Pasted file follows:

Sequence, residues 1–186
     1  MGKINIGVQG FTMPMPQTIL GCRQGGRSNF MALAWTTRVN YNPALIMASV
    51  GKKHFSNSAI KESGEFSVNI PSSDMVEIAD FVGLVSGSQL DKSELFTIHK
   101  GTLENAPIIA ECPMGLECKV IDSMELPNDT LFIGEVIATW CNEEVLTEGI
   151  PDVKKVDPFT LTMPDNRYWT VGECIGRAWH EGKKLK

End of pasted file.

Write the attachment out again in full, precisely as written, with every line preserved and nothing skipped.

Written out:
Sequence, residues 1–186
     1  MGKINIGVQG FTMPMPQTIL GCRQGGRSNF MALAWTTRVN YNPALIMASV
    51  GKKHFSNSAI KESGEFSVNI PSSDMVEIAD FVGLVSGSQL DKSELFTIHK
   101  GTLENAPIIA ECPMGLECKV IDSMELPNDT LFIGEVIATW CNEEVLTEGI
   151  PDVKKVDPFT LTMPDNRYWT VGECIGRAWH EGKKLK